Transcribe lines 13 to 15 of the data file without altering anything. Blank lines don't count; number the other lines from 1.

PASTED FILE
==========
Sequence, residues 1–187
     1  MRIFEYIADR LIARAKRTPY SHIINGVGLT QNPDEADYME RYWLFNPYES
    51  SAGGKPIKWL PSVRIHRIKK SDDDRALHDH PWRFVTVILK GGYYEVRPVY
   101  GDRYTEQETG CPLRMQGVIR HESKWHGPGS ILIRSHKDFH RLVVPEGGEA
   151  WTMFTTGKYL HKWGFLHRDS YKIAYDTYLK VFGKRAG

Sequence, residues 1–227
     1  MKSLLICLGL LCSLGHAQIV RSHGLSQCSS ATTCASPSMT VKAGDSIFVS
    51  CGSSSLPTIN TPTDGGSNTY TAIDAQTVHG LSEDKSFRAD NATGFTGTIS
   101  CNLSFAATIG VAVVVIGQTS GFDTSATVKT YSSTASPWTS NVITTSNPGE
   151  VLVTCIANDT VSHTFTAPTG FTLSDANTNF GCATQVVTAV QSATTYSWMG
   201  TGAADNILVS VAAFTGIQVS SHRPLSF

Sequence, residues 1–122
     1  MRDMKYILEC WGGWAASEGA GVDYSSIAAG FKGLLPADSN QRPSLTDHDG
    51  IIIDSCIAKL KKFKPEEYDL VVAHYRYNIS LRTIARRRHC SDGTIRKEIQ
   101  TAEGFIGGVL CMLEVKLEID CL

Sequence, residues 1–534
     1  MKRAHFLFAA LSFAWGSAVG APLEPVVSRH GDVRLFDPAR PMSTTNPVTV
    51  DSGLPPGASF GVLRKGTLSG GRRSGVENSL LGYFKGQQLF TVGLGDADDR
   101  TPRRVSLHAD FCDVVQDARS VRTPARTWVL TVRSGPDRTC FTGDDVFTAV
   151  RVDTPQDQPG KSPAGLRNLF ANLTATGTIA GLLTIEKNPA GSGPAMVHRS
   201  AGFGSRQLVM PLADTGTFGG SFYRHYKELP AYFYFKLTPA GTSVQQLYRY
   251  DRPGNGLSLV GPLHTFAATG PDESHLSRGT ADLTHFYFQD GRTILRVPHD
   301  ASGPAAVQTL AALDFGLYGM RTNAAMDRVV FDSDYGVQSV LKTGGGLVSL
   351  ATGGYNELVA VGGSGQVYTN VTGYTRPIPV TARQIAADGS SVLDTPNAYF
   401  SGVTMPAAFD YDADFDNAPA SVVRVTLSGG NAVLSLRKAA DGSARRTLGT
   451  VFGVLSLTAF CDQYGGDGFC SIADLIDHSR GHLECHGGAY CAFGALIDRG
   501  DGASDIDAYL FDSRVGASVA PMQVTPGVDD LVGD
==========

     1  MRDMKYILEC WGGWAASEGA GVDYSSIAAG FKGLLPADSN QRPSLTDHDG
    51  IIIDSCIAKL KKFKPEEYDL VVAHYRYNIS LRTIARRRHC SDGTIRKEIQ
   101  TAEGFIGGVL CMLEVKLEID CL